Both parties are borrowing heavily from the digital marketing playbooks of brands aiming for the mass market, say several political observers. Consider for instance, the manner in which the social media teams of both parties have cashed in on ‘occasions’ or ‘moments’ on their timelines. The party pages on Facebook and Twitter handles are filled with posters around Diwali, Govardhan Puja, Karva Chauth and so on. AAP also has an ‘Arvind Kejriwal app’—much like the NaMo app that was launched before the general elections
in May this year.
The AAP campaign includes distribution of pamphlets that highlight the achievements of its government in Delhi with a number that promises a direct line to the Delhi CM, who has said that he will personally field all complaints. Aggressive, feisty and a call to action, that is the popular format of all digital campaigns today, says a senior advertising executive. Add to this street-side chats and free metro rides and a formula emerges, one that helps build a brand with mass appeal.
“Mediums such as television or newspapers mostly run campaigns allotted by the Central government. Outdoor is the only medium that helps us in reaching out to numerous people directly,” a spokesperson for AAP said, while speaking to the media recently.
The genesis of this type of campaigning lies in the whistle-stop tours of American presidential candidates, says Sandeep Goyal, founder, Mogae Media. “They would travel by rail and address voters at every rail stop (till the whistle would be blown for the train to move on, hence whistle stop). Street style campaigns make the candidates more familiar,” he adds.
In contrast, the BJP has dipped into its vast reserve of slogans to counter the AAP offensive, a tactic that has worked for them in the past believes N Chandramouli, founder, Trust Research Advisory. But he sees a need to change the playbook, especially since in Delhi the incumbent government has managed to steer the conversation around education and health. “I feel that AAP's campaign will have a better connect with the voters as they have seen a tangible change by the policies of the Delhi government,” he said.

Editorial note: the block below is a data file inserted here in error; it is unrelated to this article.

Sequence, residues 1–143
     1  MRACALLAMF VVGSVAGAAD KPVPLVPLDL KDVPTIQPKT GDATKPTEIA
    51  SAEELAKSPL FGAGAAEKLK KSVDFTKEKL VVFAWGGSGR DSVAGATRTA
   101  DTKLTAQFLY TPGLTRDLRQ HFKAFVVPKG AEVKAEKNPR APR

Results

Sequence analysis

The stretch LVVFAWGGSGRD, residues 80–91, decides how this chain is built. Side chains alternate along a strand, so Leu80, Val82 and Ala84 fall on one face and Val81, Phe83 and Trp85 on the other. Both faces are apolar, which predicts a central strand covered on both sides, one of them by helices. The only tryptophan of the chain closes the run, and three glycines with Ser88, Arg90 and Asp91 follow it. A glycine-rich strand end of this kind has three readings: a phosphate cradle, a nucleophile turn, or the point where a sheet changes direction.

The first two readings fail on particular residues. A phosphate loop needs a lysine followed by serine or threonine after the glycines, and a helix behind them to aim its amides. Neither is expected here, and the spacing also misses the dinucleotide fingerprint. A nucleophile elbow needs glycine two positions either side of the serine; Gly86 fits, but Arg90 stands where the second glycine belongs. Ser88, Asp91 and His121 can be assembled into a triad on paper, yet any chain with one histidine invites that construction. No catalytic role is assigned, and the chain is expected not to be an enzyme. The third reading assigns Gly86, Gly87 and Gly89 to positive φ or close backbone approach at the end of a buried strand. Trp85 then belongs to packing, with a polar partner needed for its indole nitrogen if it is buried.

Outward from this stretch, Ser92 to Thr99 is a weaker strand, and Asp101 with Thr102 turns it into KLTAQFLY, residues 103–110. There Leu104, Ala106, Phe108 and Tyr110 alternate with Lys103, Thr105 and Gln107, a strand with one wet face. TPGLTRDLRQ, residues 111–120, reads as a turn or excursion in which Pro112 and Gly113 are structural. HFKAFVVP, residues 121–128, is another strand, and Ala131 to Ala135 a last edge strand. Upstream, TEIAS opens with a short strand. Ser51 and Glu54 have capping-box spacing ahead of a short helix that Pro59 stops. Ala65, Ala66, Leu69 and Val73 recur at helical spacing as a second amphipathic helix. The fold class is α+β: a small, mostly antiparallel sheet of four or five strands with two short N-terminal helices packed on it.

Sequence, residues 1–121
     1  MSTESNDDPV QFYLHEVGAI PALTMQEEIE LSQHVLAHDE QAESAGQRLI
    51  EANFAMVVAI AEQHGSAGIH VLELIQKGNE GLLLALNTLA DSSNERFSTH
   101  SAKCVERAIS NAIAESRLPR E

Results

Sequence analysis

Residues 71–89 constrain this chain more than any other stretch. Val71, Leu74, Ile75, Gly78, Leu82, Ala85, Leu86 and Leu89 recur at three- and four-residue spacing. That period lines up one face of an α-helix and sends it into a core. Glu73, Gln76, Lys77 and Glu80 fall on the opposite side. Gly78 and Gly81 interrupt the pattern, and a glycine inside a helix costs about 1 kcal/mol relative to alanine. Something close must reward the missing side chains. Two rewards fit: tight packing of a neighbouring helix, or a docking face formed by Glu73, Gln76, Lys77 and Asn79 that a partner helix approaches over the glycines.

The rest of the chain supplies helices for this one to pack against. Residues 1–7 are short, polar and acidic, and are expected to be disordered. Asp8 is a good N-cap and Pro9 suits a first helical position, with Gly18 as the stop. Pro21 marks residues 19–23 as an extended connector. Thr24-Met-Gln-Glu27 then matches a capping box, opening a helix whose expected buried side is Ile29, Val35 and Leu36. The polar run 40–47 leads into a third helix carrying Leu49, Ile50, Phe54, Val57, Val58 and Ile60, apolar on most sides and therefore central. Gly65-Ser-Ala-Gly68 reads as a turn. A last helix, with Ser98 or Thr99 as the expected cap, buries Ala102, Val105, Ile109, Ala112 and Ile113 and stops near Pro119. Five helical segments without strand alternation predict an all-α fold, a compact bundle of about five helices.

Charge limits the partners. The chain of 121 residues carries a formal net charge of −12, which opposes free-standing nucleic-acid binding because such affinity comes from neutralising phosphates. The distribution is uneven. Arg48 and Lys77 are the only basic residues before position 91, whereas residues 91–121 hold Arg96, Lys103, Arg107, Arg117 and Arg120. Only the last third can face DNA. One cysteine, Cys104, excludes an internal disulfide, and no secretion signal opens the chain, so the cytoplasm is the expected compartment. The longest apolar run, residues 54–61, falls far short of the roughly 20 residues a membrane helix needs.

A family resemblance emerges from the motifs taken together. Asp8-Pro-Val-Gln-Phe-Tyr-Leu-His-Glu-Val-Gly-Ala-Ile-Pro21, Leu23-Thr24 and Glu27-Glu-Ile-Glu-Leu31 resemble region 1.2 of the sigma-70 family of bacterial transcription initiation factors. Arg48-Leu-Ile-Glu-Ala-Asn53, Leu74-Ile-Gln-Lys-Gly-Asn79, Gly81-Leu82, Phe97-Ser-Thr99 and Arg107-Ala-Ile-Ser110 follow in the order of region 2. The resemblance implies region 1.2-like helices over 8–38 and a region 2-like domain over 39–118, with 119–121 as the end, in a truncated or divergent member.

Chandramouli notes that the AAP campaign is unique in the way it has used an English slogan (I love Kejriwal) to appeal to voters in a Hindi-speaking constituency. Also, the campaign does not promise anything. Instead, it “shows the effect of AAP's achievements. It is almost like a citizen-endorsement of AAP's programmes,” he adds.
This is a sign of a maturing electorate, points out Goyal. He sees a shift in the way political parties are now addressing the electorate. For instance during the recently concluded assembly elections
in Maharashtra and Haryana, politicians and political parties used Twitter to communicate with citizens. There were 3.2 million tweets around the assembly elections
in these states according to Twitter, with politicians rallying support for the schemes while audiences talked about the development agenda with contesting leaders.